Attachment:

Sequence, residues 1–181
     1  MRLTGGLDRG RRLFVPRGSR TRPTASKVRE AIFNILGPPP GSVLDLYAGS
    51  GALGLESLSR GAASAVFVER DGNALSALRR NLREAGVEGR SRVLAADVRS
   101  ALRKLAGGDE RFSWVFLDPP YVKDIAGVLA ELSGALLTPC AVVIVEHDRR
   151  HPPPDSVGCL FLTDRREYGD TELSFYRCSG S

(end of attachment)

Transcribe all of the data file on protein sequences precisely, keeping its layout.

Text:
Sequence, residues 1–181
     1  MRLTGGLDRG RRLFVPRGSR TRPTASKVRE AIFNILGPPP GSVLDLYAGS
    51  GALGLESLSR GAASAVFVER DGNALSALRR NLREAGVEGR SRVLAADVRS
   101  ALRKLAGGDE RFSWVFLDPP YVKDIAGVLA ELSGALLTPC AVVIVEHDRR
   151  HPPPDSVGCL FLTDRREYGD TELSFYRCSG S